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Publication Type:

Journal Article


Mineralium DepositaMineralium Deposita, Volume 46, Number 3, p.289-304 (2011)




Dufferin, Meguma terrane, Nova Scotia, Orogenic gold deposits, Oxygen isotopes, The Ovens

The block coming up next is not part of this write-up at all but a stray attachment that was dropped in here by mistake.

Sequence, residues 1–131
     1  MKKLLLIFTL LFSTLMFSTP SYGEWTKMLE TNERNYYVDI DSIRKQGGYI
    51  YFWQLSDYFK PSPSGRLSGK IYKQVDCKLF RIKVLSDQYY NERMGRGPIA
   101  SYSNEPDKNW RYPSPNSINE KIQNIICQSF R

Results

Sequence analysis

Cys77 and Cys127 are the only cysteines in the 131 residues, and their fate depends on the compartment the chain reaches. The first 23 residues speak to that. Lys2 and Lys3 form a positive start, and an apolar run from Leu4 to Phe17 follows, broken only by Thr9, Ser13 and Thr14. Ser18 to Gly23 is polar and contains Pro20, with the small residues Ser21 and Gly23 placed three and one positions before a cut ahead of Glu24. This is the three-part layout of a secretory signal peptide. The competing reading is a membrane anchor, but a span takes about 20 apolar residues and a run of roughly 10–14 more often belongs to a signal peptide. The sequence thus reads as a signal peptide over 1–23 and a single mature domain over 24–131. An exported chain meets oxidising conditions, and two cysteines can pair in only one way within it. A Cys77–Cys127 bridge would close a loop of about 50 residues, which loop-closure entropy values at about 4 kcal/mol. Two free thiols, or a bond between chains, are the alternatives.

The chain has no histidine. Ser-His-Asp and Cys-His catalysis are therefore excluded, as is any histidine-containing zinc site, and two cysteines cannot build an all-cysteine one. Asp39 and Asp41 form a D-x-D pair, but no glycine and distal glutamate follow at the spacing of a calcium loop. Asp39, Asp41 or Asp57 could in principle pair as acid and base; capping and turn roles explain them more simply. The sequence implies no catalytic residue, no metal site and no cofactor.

Sampling of quartz vein material from two gold deposits of similar geological setting but different ages (The Ovens, 408 Ma; Dufferin, 380 Ma) in the Meguma Terrane of Nova Scotia has been done to compare and contrast their delta(18)O(quartz) signatures. Despite different ages of formation, quartz from all vein types in each of the deposits (i.e. saddle-reef, bedding-concordant leg reefs, en echelon, discordant) shows limited intra-deposit variation with similar average delta(18)O values of +15.2 +/- 0.9aEuro degrees (n = 16) for The Ovens and +15.7 +/- 0.6aEuro degrees (n = 12) for Dufferin. Using an average delta(18)O value of +15.4aEuro degrees for the two deposits, the corresponding delta(18)O(H2O) values, calculated for 400A degrees C and 350A degrees C based on constraints from mineral assemblages and fluid inclusion studies, indicate averages of 11.4 A +/- 0.2aEuro degrees and +10.2 A +/- 0.2aEuro degrees, respectively. The isotopic data indicate that: (1) the vein-forming fluids have a metamorphic signature, (2) all vein types in the two deposits represent formation from a single, isotopically homogeneous fluid, and (3) a fluid of similar isotopic signature was generated by two contrasting tectono-thermal events in the Meguma Terrane that were separated by 30 Ma. Integration of these results with previously published data for 14 Meguma gold deposits indicate a general stratigaphic dependence in delta(18)O(H2O) values for deposits when arranged in their relative stratigraphic position such that delta(18)O(H2O) values increase upwards in the stratigraphy. This apparent trend cannot be explained by models involving either fluid mixing or cooling of the vein-forming fluids, but instead is modelled using fluid/rock interaction taking into account a change in the modal mineralogy of the metasedimentary rocks upwards in the stratigraphy.